In this epic sci-fi space shooter, you don't just get to watch dogfights, you get to live them, so long as you can deal with repetition. From the first moment your fighter gets catapulted into battle, you can't help but get a sense of how massive deep space can be. It doesn't take long, though, before enemy squads swoop in and you realize that even in the depth of space, combat can be claustrophobic. You see, in space it's easy to lose sight of which way is up because, technically, every direction is up. It can be a little disorienting at first, especially with the 360-degree view the VR unit provides, but before long you'll be swooping in and out, rolling, dodging, boosting, and braking with the best of them, all to try to get a clear shot at an opponent while avoiding getting hit from behind … or below … or above.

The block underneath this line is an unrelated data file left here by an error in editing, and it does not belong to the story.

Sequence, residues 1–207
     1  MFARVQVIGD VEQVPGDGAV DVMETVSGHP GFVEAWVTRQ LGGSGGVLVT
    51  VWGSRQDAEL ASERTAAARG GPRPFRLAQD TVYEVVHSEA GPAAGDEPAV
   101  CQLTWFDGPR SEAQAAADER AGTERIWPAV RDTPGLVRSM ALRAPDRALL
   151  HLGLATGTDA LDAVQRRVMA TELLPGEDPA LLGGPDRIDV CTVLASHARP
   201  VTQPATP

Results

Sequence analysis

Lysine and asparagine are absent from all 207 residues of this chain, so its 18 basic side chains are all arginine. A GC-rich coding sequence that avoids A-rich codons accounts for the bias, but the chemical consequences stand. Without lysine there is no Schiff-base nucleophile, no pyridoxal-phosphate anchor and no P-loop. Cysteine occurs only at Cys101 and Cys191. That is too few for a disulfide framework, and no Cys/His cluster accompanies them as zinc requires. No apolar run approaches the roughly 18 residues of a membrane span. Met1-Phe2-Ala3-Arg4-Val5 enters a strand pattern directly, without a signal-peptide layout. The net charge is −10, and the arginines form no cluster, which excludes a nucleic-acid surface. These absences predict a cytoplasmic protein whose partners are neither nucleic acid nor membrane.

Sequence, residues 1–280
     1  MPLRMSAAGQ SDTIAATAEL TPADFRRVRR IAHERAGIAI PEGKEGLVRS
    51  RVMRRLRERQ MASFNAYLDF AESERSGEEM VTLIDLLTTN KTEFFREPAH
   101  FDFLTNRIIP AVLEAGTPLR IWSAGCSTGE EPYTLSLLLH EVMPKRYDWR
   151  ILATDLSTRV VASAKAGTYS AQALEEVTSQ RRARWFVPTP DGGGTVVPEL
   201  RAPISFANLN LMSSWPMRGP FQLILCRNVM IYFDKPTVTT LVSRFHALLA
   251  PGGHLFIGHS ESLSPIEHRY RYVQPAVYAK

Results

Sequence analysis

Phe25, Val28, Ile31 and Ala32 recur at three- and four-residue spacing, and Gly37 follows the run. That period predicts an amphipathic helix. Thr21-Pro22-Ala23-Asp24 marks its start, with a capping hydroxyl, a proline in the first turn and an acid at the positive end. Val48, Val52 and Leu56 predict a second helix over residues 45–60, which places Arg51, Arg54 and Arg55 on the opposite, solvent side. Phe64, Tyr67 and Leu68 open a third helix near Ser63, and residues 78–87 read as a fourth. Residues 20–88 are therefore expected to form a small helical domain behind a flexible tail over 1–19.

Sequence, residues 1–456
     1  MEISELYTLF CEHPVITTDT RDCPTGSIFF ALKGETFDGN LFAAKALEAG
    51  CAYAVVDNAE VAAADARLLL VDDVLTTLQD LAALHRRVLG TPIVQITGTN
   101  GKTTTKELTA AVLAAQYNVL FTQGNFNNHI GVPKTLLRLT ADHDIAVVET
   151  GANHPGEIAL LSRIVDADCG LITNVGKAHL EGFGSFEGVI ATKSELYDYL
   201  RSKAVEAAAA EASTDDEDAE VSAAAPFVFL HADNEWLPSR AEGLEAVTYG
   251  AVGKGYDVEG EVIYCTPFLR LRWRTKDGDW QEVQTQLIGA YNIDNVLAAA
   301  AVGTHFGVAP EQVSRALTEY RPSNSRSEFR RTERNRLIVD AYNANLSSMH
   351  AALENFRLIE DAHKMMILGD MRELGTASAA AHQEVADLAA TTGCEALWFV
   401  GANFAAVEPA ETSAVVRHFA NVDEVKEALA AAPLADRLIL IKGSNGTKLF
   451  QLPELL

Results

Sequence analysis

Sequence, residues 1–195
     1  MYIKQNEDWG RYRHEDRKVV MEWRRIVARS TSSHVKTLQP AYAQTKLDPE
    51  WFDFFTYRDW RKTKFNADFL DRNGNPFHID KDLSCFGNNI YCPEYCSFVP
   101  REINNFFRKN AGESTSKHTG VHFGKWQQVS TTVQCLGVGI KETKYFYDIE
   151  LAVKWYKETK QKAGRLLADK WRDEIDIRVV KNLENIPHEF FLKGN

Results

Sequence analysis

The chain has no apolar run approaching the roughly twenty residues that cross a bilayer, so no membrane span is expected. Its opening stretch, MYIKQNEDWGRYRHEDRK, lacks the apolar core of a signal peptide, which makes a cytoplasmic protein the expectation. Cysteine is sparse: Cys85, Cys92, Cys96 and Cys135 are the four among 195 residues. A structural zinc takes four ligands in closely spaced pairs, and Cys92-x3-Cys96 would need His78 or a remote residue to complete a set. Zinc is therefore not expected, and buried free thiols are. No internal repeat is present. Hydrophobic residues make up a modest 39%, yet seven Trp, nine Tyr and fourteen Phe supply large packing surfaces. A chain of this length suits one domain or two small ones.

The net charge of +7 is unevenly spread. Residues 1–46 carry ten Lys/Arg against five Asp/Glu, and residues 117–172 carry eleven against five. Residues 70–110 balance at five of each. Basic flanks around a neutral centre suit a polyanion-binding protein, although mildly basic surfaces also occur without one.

As wild as the dogfighting can get, even deep space can have a few speed bumps. One of the game's most interesting features is its use of eye tracking to lock onto targets. Basically, if you want to fire a salvo of missiles at one enemy, you stare at the target to get a lock, and then fire away. Most of the time it works great, but occasionally (and especially when the VR headset needs a quick recalibration), the alignment gets a little off and you find yourself forced to look just to the side of your target to establish a lock. The other gripe you're likely to have with the game is its reliance on grinding. There are lots of little things to unlock in EVE: Valkyrie, but to get to any of them requires a marathon session of gameplay. It's not only a grind to unlock these items, but it's also a grind to earn the in-game currency to buy those unlocked items. This is where microtransactions rear their ugly heads. Mind you, most of the items you can buy are vanity items, like new looks for the cockpit, new paint jobs, and the like. But there are also a few performance-related upgrades that can really help in both single-player and multiplayer, leaving you to decide if you'd rather grind a few more hours under the weight of the VR headset or go ahead and spend a few bucks to unlock some things that'll make your time in space bit easier. Whatever you decide, the good news is that once you're strapped into the cockpit of your fighter, all the other concerns just sort of fade away in a blissful escape. You can easily forget that you're in a virtual environment, and, in that moment, you truly are an ace pilot and the pride of the Valkyries.